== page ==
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Confuse Insects, Weeds With Stacked Rotations

Confuse Insects, Weeds With Stacked Rotations

Dwayne Beck, manager of Dakota Lakes Research Farm, says stacked rotations mimic nature.

Should you try a stacked rotation? A stacked rotation is where crops, or crops within the same crop type, are grown in succession (normally twice) followed by a long break. Wheat-Wheat-Corn-Corn-Soybeans-Soybeans or Barley-Wheat-Pea-Canola are examples.

Stacked rotations are the way plants sequence in nature, says Dwayne Beck, manager of Dakota Lakes Research Farm.

"A species dominates a space for a period of time and is succeeded by another species. Eventually (after many such successions) the original species will again occupy the space. The time frame for these 'rotations' is much longer than the one usually considered in annual crop production, but the principles are the same," Beck says.

Confuse Insects, Weeds With Stacked Rotations

"Humans tend to operate in a different time frame than other species. Days, hours and years have a totally different meaning to a bacteria or fungi than they do to a tree. Some species have very fast growth curves, once they are given the opportunity, while others take a long time to build population. Each species has a 'survival strategy' designed to increase the chances that it will continue to exist," he says.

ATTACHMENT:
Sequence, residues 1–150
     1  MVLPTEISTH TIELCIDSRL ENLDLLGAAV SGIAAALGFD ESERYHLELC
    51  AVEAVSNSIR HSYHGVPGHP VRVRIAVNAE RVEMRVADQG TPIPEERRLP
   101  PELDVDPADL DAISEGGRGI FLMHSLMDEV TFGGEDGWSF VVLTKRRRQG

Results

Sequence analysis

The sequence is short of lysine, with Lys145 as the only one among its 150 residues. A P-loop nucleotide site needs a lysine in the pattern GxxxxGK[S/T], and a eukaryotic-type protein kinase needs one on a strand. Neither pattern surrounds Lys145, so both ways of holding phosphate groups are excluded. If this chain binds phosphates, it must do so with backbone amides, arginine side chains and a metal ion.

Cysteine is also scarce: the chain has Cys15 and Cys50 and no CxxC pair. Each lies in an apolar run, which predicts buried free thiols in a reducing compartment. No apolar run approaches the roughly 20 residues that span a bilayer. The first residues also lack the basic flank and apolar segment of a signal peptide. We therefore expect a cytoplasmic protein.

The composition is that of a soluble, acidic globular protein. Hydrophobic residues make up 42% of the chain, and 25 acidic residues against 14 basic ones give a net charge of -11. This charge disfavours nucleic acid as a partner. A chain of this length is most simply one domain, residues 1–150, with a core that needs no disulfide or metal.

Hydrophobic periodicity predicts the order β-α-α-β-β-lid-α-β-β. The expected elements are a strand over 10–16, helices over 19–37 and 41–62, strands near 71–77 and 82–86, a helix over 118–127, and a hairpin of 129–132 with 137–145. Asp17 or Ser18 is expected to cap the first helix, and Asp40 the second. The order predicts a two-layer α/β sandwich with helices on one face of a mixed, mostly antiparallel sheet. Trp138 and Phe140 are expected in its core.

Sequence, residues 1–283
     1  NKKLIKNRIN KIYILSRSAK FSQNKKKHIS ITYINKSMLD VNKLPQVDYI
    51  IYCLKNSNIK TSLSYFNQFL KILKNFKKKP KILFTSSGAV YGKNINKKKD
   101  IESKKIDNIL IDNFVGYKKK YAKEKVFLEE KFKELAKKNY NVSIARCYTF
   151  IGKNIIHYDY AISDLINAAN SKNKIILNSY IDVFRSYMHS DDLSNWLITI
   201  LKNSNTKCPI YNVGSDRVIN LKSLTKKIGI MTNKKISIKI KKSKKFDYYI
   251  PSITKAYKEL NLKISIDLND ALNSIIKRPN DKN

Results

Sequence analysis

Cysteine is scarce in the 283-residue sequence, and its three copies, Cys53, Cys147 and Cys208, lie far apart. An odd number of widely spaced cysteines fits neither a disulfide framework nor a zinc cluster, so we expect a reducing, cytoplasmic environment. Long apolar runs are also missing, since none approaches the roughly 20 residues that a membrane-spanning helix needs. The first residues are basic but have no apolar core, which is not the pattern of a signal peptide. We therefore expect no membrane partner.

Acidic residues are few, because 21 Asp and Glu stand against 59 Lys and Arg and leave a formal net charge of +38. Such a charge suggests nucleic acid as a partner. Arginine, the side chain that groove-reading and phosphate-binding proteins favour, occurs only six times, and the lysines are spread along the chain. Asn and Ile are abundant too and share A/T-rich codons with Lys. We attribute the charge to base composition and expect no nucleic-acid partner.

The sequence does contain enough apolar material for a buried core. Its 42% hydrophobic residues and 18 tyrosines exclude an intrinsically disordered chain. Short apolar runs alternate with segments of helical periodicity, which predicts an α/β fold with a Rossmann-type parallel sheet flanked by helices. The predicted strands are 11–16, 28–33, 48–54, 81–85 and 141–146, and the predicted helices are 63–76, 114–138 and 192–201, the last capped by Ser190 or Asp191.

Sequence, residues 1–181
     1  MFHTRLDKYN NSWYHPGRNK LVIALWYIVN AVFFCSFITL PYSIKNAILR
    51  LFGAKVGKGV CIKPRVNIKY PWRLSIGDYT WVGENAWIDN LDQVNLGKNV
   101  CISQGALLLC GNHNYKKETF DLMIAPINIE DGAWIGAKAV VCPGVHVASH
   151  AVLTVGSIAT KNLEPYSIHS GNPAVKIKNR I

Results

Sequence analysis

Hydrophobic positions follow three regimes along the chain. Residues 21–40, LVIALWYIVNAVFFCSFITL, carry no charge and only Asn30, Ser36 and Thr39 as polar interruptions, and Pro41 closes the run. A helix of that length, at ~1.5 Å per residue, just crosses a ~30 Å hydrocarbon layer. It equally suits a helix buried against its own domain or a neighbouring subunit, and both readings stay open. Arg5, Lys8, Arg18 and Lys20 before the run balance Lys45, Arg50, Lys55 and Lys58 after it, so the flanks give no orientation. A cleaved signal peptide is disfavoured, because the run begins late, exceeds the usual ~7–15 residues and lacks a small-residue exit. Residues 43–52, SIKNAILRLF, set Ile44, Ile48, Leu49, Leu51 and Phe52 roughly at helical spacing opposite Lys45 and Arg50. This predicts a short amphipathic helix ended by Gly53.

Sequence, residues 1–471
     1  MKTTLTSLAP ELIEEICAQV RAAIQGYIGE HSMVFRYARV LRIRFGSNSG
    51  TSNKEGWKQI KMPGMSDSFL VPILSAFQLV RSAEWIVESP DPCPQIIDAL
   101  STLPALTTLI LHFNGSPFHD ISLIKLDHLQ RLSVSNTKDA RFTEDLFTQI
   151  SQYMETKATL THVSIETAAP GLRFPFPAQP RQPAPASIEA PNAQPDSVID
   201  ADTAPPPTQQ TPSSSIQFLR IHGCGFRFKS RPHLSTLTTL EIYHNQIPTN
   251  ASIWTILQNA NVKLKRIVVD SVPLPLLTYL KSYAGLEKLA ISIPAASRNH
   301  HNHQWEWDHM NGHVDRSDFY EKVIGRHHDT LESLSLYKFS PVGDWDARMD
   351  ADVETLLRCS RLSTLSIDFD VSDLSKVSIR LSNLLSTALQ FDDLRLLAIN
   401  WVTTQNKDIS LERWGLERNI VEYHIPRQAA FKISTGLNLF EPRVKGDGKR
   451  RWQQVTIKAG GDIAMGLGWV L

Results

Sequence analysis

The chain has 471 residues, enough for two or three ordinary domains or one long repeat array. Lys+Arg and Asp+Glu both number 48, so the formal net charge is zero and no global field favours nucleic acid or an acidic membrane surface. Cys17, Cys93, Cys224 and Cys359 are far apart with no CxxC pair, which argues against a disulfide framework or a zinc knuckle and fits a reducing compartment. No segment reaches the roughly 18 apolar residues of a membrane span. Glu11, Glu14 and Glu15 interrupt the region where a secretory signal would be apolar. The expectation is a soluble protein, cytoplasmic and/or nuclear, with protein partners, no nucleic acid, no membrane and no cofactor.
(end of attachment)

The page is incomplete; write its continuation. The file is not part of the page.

In the stacked Wheat-Wheat-Corn-Corn-Soybean-Soybean rotation, the sequence for corn and the interval between corn crops is unpredictable in the time frame of an insect or weeds, even though it looks very predictable to humans, Beck says.

Read more about stacked rotations in the February 2014 Dakota Farmer magazine. See "Stacked rotations mimic nature," page 30. It is also is available online.

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